In a condemnation proceeding, the Government attempts to damage or take private property. This taking can be partial or full. To properly extinguish between a full taking or partial taking, one must further evaluate the meaning of property in Georgia law.
You may be asking yourself, why does this even matter? As we have explained in other blog posts, the private owner is entitled to fair compensation under the United States Constitution and the Georgia Law. This is why it is crucial for private owners to properly examine the property interest that they’re losing. Based upon the burden that the government has caused on the private owner, the basis for fair compensation would be different. In short, the more government takes, the more the property owner is entitled to receive compensation.
Generally, in the context of eminent domain in Georgia law, the property has a very broad and liberal meaning. The property owners’ right to possess and occupy, right to exclude others, right to enjoy, right to liquidation and disposal, and generally all other rights in relation to the land is within the property owner’s bundle of rights.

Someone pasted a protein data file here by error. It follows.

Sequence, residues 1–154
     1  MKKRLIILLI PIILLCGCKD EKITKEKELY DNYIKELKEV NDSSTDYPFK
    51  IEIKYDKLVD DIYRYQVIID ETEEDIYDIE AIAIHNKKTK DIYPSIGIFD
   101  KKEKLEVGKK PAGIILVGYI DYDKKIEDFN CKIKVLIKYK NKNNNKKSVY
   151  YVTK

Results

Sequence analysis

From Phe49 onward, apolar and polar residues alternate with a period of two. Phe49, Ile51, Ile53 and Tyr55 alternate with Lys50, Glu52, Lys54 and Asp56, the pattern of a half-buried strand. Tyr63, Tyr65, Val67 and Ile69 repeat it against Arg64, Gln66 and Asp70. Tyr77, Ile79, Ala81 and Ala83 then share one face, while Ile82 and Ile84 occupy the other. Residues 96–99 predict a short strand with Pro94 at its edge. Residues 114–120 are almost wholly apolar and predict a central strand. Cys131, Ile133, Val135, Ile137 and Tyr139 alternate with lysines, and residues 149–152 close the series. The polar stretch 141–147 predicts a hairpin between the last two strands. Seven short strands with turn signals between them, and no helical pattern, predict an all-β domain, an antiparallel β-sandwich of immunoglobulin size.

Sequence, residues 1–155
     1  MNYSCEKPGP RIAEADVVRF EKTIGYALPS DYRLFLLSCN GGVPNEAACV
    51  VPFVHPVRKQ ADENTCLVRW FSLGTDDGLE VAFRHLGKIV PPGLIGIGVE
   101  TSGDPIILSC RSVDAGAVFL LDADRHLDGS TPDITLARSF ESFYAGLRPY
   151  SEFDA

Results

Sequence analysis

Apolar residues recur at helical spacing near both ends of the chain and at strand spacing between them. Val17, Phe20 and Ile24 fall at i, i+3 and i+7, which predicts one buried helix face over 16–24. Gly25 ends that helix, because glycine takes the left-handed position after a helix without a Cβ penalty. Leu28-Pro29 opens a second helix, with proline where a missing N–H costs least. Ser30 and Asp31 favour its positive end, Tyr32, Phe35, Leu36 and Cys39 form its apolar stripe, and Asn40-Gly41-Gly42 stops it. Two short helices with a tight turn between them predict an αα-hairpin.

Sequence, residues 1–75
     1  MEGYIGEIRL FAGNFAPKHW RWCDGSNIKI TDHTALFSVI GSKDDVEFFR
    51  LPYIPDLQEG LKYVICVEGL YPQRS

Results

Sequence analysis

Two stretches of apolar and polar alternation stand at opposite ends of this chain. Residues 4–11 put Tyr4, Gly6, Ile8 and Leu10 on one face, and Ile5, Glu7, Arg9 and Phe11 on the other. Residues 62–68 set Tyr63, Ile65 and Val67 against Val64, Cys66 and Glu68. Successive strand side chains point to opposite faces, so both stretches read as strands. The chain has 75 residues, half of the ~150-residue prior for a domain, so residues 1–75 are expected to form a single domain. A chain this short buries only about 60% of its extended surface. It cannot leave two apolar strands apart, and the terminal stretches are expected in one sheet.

As such, a prudent advocate keeps in mind this entire bundle of rights and thoroughly examines the property rights the private owner risks losing and therefore strategizes the best legal defense based on that full picture. To Distinguish between partial and full taking, the need to further examine the property interest that is taken is key.
If the government takes all of the private owner’s property and her entire bundle of rights, in effect wiping out the private owner’s rights, the taking is full. However, if the government only takes a portion of the private owners property rights, the taking is partial.
This article is not intended to provide legal advice or substitute the need for advice of counsel. If you have a property facing condemnation action, be sure to contact our team of experts. We are trained and motivated to fight fiercely to protect Georgia private owners from government overreach.